# Test a number for narcissism

A Narcissistic Number is a number which is the sum of its own digits, each raised to the power of the number of digits.

For example, take $$\153\$$ (3 digits):

$$\1^3 + 5^3 + 3^3 = 153\$$

$$\1634\$$:

$$\1^4 + 6^4 + 3^4 + 4^4 = 1634 = 1 + 1296 + 81 + 256 = 1634\$$

The Challenge:

Your code must take input from the user and output True or False depending upon whether the given number is a Narcissistic Number.

Error checking for text strings or other invalid inputs is not required. 1 or 0 for the output is acceptable. Code that simply generates a list of Narcissistic Numbers, or checks the user input against a hardcoded list, does not qualify.

OEIS A005188

• Is it ok if I output True if it's such a number, but anything else (in this case the number itself) if not? Jan 6, 2017 at 21:51

# Haskell, 68 66 bytes

d 0=[]
d n=mod n 10:d(div n 10)
sum.(\a->map(^length a)a).d>>=(==)


Usage:

*Main> sum.(\a->map(^length a)a).d>>=(==) $1634 True  # APL (Dyalog Unicode), 8 bytesSBCS Tacit prefix function taking the input as a string. ⍎≡1⊥⍎¨*≢  Try it online! ⍎ is the evaluated argument ≡ identical to 1⊥ the sum (lit. convert from base-1) of ⍎¨ the evaluated characters (i.e the digits) * raised to the power of ≢ the tally of characters (i.e. digits) # Retina, 118 bytes Byte count assumes ISO 8859-1 encoding. .*$0 $0¶$0
(?<=^\d*)\d
x
(?=.*$) ¶ 0¶ \d+$*
¶(1+)
¶$1$1
{^x ?

}s(?<=x.*)1(?=1* (1+))
$1 1* 1¶1 11 ^(1*)¶+\1\b  Try it online Explanation .* # Copy number 3 times. For Length, Unary, and Digits$0 $0¶$0
(?<=^\d*)\d                 # Convert first copy to x's (Length)
x
(?=.*$) # Split up digits of last copy, each on their own line ¶ 0¶ # Remove zeros, because they leave blank lines \d+ # Convert to unary$*
¶(1+)                       # Duplicate each separated digit
¶$1$1
{^x ?                      # While x's exist, remove an x ...

}s(?<=x.*)1(?=1* (1+))     #     and multiply each value by the digit (nth power)
$1 1* # Remove original digits 1¶1 # Remove lines between digits 11 ^(1*)¶+\1\b # Match if values are equal  # Julia 1.0, 32 bytes !n=sum(digits(n).^ndigits(n))==n  Try it online! # Jelly, 6 bytes D*L$S=


Try it online!

D        Get the digits of the input
*L$Raise each element to power of its length S Sum = Equals input?  # Uiua, 12 bytes =/+ⁿ⧻.-@0°⋕.  Try it Explanation: -@0°⋕.  Convert the number to a list of digits. ⁿ⧻.  Raise each to the power of the list's length. =/+  Is this list's sum equal to the original? Not the sortest but my take. # Python 2.7: 59 60 chars a=input();(0,1)[sum(int(i)**len(str(a))for i in str(a))==a]  • It's supposed to output true or false (also needs to take input). Jan 10, 2014 at 11:46 • @Timtech or 1 and 0 Jan 10, 2014 at 14:05 • @EduardFlorinescu Still needs to take input. – Iszi Jan 10, 2014 at 14:12 • @lszi now should work ;) Jan 10, 2014 at 15:13 • For converting boolean value to integer int(BoolExpr) is shorter than (0,1)[BoolExpr]. +(BoolExpr) even shorter. – AMK Jan 11, 2014 at 18:24 # Pyth, 13 characters JwqvJsm^vdlJJ  Explanation: Jw J=input() ^vdlJ eval(d)^len(J) m^vdlJJ map each character in J to eval(d)^len(J) qvJsm^vdlJJ print(eval(J)==sum(map each character in J to eval(d)^len(J)))  # JavaScript, 56 characters n=prompt();n.split('').reduce((a,i)=>a+i**n.length,0)==n This makes use of the exponentiation operator, so you have to be running a modern browser for this to work. # C, 252220225 111 bytes int f(char *a){for(int i=0;i<strlen(a);i++){r+=((int)a[i]);for(int j=0;j<strlen(a);j++)r*=r;}return r==(int)a;}  Returns 0 if false and 1 if true. Thanks to @DrMcMoylex for saving many bytes and explaining stuff. • Welcome to the site! Some tips for you: 1) You have a lot of unnecessary whitespace. You could remove most of the newlines and spaces/indentation and it would still run fine. 2) A function is allowed, so you could return '1' or '0' instead of printing it. That would save a lot of bytes. 3) Since you're only doing one thing in each 'for' loop, you could join the inner code with the loop itself. For example: for(int i=0;i<strlen(a);r+=a[i++]) Nov 8, 2016 at 17:56 • @DrMcMoylex How would you know the output if I used return? There's nothing printed in the terminal... Nov 8, 2016 at 18:48 • You could write a small wrapper to print the return value of the function Nov 8, 2016 at 18:51 • @DrMcMoylex Using printf instead of making a new function uses less bytes, I believe. Thanks for the welcome, btw! Nov 8, 2016 at 19:03 • No that's not what I meant. I meant you don't need to print anything. Returning is a valid form of output. You could print the return value for testing, but your submission can just be a function. Then you won't need to parse input or print the output. For example int f(char *a){for(int i=0;i<strlen(a);i++){r+=((int)a[i]);for(int j=0;j<strlen(a);j++)r*=r;}return r==(int)a;} Nov 9, 2016 at 19:15 # Perl, 27 +3 = 30 bytes Run with -F. Older versions of Perl might require you to run with -nF instead, if -F does not imply -n. grep$;+=$_**$#F,@F;say$_==$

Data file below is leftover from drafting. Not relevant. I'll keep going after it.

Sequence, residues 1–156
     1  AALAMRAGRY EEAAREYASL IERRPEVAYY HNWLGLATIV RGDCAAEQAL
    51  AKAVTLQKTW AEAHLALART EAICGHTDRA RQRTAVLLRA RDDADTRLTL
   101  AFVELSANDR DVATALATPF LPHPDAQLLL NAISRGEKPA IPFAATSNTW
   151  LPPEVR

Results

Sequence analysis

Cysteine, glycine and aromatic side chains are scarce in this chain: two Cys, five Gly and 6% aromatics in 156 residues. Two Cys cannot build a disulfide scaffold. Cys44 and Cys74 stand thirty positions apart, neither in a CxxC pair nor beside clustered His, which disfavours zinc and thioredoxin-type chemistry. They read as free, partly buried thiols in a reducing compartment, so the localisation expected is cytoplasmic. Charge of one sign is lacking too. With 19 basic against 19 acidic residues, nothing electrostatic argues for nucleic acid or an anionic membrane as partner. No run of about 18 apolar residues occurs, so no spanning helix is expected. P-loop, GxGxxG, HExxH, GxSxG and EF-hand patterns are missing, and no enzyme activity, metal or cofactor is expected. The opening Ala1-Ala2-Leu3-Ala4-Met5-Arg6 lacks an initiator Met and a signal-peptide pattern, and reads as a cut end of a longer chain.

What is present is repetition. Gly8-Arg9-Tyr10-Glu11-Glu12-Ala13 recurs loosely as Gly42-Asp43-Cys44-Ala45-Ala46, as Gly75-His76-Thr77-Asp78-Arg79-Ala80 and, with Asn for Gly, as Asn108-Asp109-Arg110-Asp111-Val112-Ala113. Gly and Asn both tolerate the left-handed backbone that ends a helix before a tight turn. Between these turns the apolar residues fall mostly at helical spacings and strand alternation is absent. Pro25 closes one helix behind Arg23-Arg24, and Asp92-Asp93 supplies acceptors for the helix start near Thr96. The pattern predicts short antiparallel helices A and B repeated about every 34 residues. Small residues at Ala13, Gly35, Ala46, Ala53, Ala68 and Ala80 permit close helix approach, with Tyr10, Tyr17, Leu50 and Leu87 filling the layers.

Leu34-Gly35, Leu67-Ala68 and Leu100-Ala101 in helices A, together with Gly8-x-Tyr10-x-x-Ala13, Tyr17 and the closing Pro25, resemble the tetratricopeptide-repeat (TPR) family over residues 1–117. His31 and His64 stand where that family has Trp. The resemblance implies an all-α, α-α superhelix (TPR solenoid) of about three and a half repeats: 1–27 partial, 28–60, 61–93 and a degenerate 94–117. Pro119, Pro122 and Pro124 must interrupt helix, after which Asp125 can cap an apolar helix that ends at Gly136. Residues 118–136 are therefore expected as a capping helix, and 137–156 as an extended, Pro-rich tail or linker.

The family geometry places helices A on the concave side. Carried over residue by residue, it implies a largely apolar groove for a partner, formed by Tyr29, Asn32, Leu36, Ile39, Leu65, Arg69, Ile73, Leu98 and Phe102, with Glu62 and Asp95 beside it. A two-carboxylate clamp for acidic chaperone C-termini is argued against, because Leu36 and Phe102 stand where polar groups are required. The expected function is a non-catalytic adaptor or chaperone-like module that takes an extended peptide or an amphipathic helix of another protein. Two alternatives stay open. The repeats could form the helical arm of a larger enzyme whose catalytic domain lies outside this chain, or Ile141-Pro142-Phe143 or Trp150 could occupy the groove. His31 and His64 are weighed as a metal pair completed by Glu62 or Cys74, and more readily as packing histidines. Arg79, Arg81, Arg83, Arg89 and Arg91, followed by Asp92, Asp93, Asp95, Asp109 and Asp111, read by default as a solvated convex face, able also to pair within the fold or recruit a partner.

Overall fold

Prints 1 if narcissistic, prints nothing otherwise.

(thanks to @Dada for byte-count correction, and for -2 bytes)

• grep$;+=$_**$#F,@F;say$_==$ to save two bytes ($; instead of $a, and grep...,@F instead of grep{...}@F). However, note that -F counts as 3 bytes (-, F and a space). – Dada Nov 11, 2016 at 18:27 # Clojure, 85 bytes #(= n(int(reduce +(vec(map#(Math/pow(Character/digit % 10)(count(str n)))(str n))))))  Usage is like so: (#(...) {number})  Ungolfed (with commentary): (defn narcissistic [n] ; The function is altered a bit, to improve readability. ; The double arrow means that a result of a function will get "chained" ; onto the next function as the last argument: ; (->> 1 (* 2) (+ 3)) -> (->> (* 2 1) (+ 3)) -> (+ 3 (* 2 1)) (->> n ; Converts it to a string, for the next function ; 153 -> "153" str ; Converts the string to an array of characters, ; which is then raised to the powers equal to the length of the number: ; 153 -> (1.0 125.0 27.0) (map (#(Math/pow (Character/digit % 10) (count (str n))))) ; Converts the array to a vector (reducing only works with vectors) ; (1.0 125.0 27.0) -> [1.0 125.0 27.0] vec ; Reduces the vector by adding them ; [1.0 125.0 27.0] -> 153.0 (reduce +) ; Turns that into an integer ; 153.0 -> 153 int ; Checks if that's equal to the original n ; 153 = 153 -> true (= n)))  Python, 90 Bytes a,z=input(),[] for x in list(a):z.append(int(x)**len(a)) print(1 if sum(z)==int(a) else 0)  # Befunge 98, 58 bytes 1-00p&:a\v 00g1+00p>:a%\a/:!kv \:9kv00gk:00gk*+> @.!-$<